Born, Catsch, and Zimmer, who had worked for Timofeev-Resovskij in Berlin and who were sent to Laboratory B by Riehl in December 1947, were able to conduct work similar to that which they had done in Germany, and all three became section heads in Timofeev-Resovskij's department. Born examined fission products, developed methods of separating plutonium from fission products created in a nuclear reactor, and investigated and developed radiation health and safety measures. Catsch began his work on developing methods to extract radionucleotides from various organs, which he would continue when he left Russia.[25][29][49]

The radiobiophysics division under Timofeev-Resovskij had four sections which conducted experimental studies in four basic directions:[26]

  • Effects of radioactive isotopes on animals.
  • Cytological effects of radiation on plants and animals.
  • Effects of weak concentrations of radioactive materials and low doses of ionizing radiation, mainly on crop cultivated plants.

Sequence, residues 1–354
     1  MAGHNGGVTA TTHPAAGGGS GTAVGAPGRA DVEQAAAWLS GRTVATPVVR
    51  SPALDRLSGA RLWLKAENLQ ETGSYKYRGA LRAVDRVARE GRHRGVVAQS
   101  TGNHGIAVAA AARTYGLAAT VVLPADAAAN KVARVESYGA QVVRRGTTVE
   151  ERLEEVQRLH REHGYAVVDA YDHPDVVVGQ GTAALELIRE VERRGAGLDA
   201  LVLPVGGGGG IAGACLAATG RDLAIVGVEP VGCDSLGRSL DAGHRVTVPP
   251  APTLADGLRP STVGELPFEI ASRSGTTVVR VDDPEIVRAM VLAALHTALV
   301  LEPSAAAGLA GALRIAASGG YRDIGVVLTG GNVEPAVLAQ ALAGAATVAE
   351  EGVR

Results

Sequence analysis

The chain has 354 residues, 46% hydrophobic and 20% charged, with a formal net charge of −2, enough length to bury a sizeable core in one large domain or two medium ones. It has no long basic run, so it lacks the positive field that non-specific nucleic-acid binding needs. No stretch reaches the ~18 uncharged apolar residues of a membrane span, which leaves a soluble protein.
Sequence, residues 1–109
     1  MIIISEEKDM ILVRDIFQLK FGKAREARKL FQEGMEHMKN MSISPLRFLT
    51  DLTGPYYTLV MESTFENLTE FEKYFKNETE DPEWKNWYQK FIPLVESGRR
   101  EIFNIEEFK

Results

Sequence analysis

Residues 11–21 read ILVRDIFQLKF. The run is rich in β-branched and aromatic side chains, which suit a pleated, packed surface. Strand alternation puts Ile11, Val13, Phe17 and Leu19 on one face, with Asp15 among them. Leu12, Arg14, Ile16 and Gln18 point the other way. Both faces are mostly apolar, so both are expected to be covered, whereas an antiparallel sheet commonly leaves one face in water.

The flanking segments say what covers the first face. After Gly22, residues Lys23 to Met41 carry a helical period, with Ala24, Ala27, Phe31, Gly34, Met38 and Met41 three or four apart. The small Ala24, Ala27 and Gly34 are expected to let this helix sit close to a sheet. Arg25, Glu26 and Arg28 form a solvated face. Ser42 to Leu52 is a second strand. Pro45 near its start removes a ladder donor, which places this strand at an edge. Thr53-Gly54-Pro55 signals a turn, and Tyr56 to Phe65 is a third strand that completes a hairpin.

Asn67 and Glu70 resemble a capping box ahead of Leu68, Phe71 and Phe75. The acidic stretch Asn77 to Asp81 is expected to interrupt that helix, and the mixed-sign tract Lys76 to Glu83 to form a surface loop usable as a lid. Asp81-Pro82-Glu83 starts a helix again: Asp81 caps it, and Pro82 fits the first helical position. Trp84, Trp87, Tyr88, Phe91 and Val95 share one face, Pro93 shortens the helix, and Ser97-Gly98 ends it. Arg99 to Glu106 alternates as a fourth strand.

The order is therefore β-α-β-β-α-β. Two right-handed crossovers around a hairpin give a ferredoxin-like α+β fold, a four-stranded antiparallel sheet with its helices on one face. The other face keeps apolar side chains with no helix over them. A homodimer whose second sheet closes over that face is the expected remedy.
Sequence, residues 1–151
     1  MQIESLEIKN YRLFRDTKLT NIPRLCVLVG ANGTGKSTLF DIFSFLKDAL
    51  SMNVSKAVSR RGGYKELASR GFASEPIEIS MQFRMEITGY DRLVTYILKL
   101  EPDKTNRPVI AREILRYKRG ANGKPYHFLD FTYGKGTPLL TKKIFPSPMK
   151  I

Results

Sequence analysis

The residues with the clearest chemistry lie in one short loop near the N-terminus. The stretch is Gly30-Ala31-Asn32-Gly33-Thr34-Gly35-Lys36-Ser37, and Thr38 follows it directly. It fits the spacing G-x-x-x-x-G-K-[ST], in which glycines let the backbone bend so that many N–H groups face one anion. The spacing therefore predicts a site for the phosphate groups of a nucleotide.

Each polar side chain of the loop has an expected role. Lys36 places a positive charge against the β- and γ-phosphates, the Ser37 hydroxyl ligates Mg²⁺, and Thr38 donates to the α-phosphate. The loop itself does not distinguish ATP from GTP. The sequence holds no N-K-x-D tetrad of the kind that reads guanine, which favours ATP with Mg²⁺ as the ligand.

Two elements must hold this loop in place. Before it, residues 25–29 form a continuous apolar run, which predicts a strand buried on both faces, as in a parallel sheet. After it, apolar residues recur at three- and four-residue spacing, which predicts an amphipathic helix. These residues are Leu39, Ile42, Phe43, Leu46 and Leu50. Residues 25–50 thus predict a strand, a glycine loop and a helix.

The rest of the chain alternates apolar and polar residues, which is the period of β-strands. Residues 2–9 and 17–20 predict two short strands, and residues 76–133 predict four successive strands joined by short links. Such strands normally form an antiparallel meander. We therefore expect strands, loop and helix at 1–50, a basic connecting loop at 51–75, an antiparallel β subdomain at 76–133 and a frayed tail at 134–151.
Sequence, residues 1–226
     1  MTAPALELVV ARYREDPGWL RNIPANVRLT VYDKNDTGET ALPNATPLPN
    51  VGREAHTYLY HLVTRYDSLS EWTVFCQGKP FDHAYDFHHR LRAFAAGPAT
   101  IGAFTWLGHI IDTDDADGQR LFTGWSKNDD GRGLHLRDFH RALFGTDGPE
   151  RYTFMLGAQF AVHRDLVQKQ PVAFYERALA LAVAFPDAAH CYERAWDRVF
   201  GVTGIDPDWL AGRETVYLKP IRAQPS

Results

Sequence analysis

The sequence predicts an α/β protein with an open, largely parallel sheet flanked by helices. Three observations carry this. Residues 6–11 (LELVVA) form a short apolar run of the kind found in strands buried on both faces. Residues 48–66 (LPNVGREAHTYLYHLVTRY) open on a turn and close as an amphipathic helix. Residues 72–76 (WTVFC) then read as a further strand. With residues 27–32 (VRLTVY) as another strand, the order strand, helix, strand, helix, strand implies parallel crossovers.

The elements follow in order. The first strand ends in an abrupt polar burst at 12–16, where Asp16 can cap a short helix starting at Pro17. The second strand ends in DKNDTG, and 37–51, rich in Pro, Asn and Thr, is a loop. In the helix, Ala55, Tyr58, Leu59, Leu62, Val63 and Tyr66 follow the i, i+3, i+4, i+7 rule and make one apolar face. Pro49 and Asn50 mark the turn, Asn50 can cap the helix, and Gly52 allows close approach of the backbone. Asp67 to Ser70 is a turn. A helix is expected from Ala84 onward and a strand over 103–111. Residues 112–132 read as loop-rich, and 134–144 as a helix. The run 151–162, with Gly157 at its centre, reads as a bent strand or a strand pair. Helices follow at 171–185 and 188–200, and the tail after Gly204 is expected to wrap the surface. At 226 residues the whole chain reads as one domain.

• Effects of the distribution and accumulation of different radioactive materials introduced into the soil, ground water, and freshwater bodies.

The agrobiological and hydrobiological experiments were united on the general basis of the biogeochemical analysis of the experimentally created elementary biogeocenosis[50] and the introduction of special factor radioactive materials into it.[26]

5.2. Radiochemistry

On the basis of a false denunciation, Sergej Aleksandrovich Voznesenskij was arrested in June 1941; in April 1942, he was sentenced to 10 years in the Gulag. From March 1943 to 1947, he led a research group in the 4th Special Department of the NKVD in Moscow; the 4th Special Department provided military research and development by utilizing specialist prisoners, i.e., scientists. In December 1947, he was transferred to Laboratory B to head up the radiochemistry division.[51] With the liquidation of Laboratory B and its merger into NII-1011 in 1955, Voznesenskij was transferred to the Ural Polytechnical Institute to head up the Department of Radiochemistry, and was simultaneously appointed as a scientific consultant at Combine No. 817 on problems of radioactive waste cleanup. (Voznesenskij had been fully rehabilitate in May 1953.)[52][53]